Philips Electronics beat earnings forecasts for the third consecutive quarter, boosted by cost cuts and higher sales, as a drastic overhaul of the company gathered pace.
The Dutch group known for its hospital scanners, electric toothbrushes, wake-up lights and coffee makers, on Monday said third-quarter net profit more than doubled helped by higher sales across its health, lighting and consumer divisions.
Since taking the helm last year, chief executive Frans van Houten has reset financial targets, cut thousands of jobs and replaced his entire top executive team in an effort to turn around the company which lost 1.3 billion euros in 2011.
Philips said on Monday that plans to cut 1.1 billion euros in overheads are on track with savings in the third quarter of 306 million euros.
The company first started to show signs of a pick-up in the first half of this year.
Its shares were trading up 4.6 percent by mid morning on Monday, the biggest gainer on the FTSEurofirst 300 index of top European shares.
Van Houten said he was still cautious about the firm's growth prospects.
"The world has become a lot riskier with three headwinds simultaneously, (namely) Europe, slowing growth in China and some uncertainty in the U.S.," Van Houten told reporters on Monday.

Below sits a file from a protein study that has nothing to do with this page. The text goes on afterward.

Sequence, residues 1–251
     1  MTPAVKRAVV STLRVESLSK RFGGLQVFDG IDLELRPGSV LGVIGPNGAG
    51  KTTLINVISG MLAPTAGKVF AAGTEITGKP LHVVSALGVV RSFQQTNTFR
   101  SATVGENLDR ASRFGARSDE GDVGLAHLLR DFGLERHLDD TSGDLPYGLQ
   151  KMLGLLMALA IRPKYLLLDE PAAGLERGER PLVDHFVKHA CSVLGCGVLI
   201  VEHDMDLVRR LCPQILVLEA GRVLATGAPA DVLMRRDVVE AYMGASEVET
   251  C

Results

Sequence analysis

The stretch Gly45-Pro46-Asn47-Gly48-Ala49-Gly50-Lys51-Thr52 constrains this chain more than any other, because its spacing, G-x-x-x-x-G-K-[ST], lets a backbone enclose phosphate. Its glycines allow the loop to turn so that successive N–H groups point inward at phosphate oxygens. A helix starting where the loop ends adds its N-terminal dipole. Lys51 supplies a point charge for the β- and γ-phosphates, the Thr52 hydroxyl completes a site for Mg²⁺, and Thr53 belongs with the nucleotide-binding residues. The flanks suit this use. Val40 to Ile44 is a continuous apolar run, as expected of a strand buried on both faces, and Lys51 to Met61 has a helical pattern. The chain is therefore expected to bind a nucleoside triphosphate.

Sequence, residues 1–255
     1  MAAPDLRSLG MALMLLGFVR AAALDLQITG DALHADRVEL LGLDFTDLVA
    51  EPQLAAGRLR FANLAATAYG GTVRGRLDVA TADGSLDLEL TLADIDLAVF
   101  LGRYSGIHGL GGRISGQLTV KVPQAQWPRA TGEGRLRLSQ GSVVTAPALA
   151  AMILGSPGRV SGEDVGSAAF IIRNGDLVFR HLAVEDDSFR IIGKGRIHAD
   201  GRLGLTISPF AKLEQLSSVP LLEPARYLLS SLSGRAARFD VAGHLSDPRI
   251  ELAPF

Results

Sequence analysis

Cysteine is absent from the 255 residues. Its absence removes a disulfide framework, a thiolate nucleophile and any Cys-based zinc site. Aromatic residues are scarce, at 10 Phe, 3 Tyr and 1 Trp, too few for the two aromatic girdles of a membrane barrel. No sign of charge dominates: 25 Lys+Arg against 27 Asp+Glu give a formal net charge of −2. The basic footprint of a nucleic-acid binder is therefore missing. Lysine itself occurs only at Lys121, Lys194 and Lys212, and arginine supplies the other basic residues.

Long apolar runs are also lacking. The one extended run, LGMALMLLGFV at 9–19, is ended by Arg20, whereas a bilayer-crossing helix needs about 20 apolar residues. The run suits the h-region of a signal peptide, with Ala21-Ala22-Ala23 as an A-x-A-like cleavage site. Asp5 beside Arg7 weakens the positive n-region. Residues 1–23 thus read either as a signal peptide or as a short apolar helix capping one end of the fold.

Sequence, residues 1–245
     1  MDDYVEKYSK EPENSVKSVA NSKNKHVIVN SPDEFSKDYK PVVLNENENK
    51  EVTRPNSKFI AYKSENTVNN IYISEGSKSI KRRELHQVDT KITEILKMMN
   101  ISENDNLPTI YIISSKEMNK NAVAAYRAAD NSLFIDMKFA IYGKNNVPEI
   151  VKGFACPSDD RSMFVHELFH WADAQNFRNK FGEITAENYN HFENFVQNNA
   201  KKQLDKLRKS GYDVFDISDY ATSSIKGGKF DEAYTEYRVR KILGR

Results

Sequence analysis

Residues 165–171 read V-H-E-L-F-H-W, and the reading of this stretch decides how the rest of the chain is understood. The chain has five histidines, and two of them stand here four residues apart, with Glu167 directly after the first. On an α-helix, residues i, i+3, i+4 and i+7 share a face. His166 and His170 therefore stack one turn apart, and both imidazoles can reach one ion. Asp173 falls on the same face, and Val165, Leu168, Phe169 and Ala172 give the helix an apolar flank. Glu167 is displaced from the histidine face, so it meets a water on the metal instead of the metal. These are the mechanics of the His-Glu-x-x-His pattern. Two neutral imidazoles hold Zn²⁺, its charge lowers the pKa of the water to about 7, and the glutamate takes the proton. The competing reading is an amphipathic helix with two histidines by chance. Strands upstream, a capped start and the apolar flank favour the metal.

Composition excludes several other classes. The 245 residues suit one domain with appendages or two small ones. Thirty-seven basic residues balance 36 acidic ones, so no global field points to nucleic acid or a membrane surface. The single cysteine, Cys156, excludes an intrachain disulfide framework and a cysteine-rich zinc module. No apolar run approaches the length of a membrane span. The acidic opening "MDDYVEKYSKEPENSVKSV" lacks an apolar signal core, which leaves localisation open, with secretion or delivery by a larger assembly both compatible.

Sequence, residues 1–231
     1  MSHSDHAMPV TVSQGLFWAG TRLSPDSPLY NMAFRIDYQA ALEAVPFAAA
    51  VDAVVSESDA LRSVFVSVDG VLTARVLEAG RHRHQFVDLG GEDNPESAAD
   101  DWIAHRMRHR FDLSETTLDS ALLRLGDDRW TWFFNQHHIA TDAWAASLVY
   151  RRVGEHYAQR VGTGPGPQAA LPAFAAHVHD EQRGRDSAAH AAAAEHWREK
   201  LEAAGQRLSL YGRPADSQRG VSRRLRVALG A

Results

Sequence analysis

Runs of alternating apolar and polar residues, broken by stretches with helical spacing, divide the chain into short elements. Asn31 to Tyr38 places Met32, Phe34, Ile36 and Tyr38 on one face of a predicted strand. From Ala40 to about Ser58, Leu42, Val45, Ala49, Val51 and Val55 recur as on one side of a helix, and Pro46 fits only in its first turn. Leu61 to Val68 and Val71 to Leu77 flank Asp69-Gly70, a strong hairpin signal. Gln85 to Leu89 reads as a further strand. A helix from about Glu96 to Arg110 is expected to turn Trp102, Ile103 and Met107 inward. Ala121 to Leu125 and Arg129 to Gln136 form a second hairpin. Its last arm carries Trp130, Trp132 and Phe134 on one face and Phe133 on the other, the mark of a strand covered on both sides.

The restructuring program was helping to mitigate some of these pressures, he said.
Kepler analyst Peter Olofsen said Philips was doing "pretty well" given the weak economies where the company operates, particularly that it reported strong healthcare orders and decent growth at its consumer unit. Philips makes more than half of its sales in mature markets including Europe and North America.
"Overall it's quite a solid set of numbers," he said.
Philips competes with Samsung and LG Electronics among others in consumer electronics, and with General Electric and Siemens in the hospital and lighting markets.
Since July, van Houten has said that he is considering options for Philips' low-margin audio and video equipment business - one of the last units to get shaken up.
On Monday he reiterated that the unit is a "business in transition," but declined to say whether a deal to split it off, similar to the one he cut with China's TPV Technology Ltd for Philips TVs, is in the works.
Van Houten did not give a full-year forecast. He said the company is on track to meet its outlook for 2013 of 4-6 percent sales growth, 10-12 percent core profit and 12-14 percent return on invested capital.
Sales for the third quarter rose to 6.13 billion euros from 5.91 billion a year earlier. Net profit rose to 170 million euros from 76 million euros.
Analysts surveyed by Reuters had forecast net profit at 139 million euros on sales of 5.912 billion.
Sales in emerging markets rose 10 percent.
© Thomson Reuters 2012